Shipping container homes have existed in other forms besides the yuppies wanting to do something positive and the fanatical greens. Its a practical home for hunters and fishermen due to the price and characteristics of having a shipping container as a home. Location is always an issue but the thing with the container when being sited it can transport most of the materials with it inside for whatever purpose its required. This home is made from two 40ft shipping containers and designed for its off grid location with a composting toilet solar photovoltaic power supply, a solar water heater as well as a biomass heater. From the outside it doesn’t look too exciting but inside its gone down the route of a traditional hunting lodge. I would advise dropping by The Chive for more photos and information as they have various parts of the construction going on so you can see the project being developed over a time frame.
The construction of the shipping container home involved stud partitioning using 2×4 batons that was then insulated and panelled over with wood. Double glazed windows were also used on three sides of the home.
The home offers two nice bedrooms and a bathroom with a composting toilet. The back of the container home is also partly buried to help with insulation helping to create an ambient temperature. A wood burner stove takes care of those cold winter nights.
Via The Chive
Another sign that shipping containers aren’t all hippy and moving more into a trend that’s becoming fashionable was the arrival of Tommy Hilfiger at the old Templehof airport in Berlin.
Put together by Artdepartment-Berlin for the Bread & Butter fashion trade show the shipping containers appear almost invisible behind all the signage and graphics which reflects the modern design and up market brand. The other side of this is it makes sense and I can see it becoming more of a trend in the exhibition and shows market as construction on site took 1 day and 3 days of outfitting which is extremely quick for something of this size.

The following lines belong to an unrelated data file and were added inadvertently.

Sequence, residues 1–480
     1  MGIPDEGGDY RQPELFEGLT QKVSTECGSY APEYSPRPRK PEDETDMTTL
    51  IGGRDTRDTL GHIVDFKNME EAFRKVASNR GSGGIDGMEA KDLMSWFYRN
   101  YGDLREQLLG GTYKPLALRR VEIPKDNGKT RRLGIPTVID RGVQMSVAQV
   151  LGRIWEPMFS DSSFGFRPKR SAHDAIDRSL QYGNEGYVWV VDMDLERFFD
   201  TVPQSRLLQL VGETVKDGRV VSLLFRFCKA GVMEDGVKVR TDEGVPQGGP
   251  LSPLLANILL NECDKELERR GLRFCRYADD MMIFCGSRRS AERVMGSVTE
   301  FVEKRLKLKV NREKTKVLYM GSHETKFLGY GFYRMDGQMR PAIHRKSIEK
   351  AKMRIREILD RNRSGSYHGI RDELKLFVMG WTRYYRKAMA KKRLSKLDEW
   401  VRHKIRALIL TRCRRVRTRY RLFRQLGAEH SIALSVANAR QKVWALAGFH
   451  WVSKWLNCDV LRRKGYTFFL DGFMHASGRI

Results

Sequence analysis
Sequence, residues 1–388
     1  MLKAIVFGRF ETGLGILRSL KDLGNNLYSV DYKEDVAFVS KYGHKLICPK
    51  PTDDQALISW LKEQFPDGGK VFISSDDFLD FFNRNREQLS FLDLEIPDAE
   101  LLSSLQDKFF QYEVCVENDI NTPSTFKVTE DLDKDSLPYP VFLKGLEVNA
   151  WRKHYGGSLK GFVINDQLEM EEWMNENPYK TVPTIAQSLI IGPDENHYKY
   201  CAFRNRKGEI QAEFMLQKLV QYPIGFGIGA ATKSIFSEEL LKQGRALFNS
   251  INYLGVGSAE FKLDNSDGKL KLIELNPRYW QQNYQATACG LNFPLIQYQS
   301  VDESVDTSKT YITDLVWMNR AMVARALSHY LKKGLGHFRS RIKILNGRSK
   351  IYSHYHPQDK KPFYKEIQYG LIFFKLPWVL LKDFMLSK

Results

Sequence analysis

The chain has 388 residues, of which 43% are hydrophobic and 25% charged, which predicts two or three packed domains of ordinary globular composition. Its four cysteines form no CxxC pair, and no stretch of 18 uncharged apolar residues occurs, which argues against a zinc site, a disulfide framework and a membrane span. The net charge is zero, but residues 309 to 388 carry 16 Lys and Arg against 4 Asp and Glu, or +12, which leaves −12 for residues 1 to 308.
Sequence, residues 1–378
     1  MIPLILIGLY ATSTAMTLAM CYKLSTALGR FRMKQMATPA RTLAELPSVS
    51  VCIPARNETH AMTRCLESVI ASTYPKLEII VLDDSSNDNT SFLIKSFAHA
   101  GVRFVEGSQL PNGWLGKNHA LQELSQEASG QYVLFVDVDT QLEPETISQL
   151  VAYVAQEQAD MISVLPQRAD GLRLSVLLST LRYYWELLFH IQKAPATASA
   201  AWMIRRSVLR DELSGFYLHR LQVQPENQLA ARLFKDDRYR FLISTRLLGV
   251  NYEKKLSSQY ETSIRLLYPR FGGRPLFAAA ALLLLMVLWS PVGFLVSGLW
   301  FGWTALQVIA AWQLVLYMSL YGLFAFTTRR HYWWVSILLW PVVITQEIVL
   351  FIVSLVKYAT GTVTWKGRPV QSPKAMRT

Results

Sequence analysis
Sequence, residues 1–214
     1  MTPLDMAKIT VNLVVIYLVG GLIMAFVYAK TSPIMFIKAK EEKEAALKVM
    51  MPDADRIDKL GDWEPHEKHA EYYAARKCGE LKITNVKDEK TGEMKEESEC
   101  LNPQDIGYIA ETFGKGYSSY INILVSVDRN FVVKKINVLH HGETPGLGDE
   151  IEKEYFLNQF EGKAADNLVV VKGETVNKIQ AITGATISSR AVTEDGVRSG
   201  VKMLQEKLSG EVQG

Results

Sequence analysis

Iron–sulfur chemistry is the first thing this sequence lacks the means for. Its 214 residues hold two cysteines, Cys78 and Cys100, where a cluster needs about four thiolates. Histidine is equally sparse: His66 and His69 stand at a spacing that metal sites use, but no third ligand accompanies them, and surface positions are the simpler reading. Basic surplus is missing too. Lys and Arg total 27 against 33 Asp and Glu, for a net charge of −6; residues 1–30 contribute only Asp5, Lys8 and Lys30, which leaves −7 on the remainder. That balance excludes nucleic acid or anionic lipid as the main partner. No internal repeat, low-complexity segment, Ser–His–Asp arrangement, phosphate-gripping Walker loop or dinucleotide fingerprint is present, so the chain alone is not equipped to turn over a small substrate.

Another step in the right direction of removing the stigma of “ugly shipping containers” to cool and modern.
Probably one of the most interesting and practical uses of a shipping container I have come across.Adam Kalkin’s creation is not only functional but blends in due to its use of bright colours and other towering buildings nearby. Its part of his latest work for a pop up pirate radio tower for the Mis-Design exhibition in Australia. Its location will be at the entrance to the exhibition and the project is being hosted jointly by Ian Potter Museum of Art, Melbourne University, and State of Design Festival.
The shipping container as you can see has been painted in some very bright but pleasing to the eye colours and design. The radio stations main need is height over space which is why the shipping container nestles on one end that was hoisted into place with a large crane. Inside a staircase zig zags up the interior to the where on the first picture you can see a pillbox cut window where the radio station will be housed. Funded by the Victorian College of the Arts they are hoping it will act as a catalyst for more funding for cultural development in Victoria, Australia with the radio station broadcasting news and information about local designers,photographers,architects and other art forms and artists in the region.
The interior of the container was completed by students from RMIT university by using reclaimed materials from Pumphouse design.
During the State of Design Festival, Anya Trybala of yarraReporter will be inviting local artists to come and speak about they’re art at the tower.